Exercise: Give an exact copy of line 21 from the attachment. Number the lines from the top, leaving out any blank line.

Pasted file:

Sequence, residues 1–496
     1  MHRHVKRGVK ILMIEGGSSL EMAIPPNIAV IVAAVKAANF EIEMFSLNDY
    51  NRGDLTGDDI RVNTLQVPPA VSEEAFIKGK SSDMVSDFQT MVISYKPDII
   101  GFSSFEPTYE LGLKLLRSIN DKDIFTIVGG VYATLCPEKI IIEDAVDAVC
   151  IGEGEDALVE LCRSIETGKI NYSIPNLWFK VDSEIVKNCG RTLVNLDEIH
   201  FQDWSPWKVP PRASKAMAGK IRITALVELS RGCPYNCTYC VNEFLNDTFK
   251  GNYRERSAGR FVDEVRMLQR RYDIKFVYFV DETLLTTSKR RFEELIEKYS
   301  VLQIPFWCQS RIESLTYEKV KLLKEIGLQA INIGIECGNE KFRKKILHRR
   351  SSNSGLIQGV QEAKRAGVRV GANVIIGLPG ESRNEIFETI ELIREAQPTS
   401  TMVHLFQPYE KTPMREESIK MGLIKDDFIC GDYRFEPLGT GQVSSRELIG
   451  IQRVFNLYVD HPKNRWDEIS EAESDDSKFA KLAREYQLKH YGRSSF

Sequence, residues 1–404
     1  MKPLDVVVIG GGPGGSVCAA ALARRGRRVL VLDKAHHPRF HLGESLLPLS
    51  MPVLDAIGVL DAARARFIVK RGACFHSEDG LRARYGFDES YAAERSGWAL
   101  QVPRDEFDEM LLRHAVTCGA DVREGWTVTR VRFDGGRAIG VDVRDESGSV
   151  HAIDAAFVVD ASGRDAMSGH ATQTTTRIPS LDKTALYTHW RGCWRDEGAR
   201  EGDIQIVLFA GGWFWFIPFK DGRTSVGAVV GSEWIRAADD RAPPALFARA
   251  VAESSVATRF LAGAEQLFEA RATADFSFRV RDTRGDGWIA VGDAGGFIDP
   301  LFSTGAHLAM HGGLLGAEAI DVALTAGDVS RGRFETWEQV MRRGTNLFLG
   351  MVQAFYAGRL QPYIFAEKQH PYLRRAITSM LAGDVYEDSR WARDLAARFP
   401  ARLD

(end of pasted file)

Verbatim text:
   401  ARLD